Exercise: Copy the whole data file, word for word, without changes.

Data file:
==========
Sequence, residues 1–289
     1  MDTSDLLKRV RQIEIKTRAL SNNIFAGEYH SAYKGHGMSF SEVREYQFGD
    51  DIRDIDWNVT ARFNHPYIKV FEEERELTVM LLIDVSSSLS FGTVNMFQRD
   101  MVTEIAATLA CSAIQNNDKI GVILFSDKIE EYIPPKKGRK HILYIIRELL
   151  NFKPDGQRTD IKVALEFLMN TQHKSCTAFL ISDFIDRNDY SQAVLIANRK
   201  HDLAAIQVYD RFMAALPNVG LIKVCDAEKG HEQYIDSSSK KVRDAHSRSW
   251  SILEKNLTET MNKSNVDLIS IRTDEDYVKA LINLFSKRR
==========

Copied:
Sequence, residues 1–289
     1  MDTSDLLKRV RQIEIKTRAL SNNIFAGEYH SAYKGHGMSF SEVREYQFGD
    51  DIRDIDWNVT ARFNHPYIKV FEEERELTVM LLIDVSSSLS FGTVNMFQRD
   101  MVTEIAATLA CSAIQNNDKI GVILFSDKIE EYIPPKKGRK HILYIIRELL
   151  NFKPDGQRTD IKVALEFLMN TQHKSCTAFL ISDFIDRNDY SQAVLIANRK
   201  HDLAAIQVYD RFMAALPNVG LIKVCDAEKG HEQYIDSSSK KVRDAHSRSW
   251  SILEKNLTET MNKSNVDLIS IRTDEDYVKA LINLFSKRR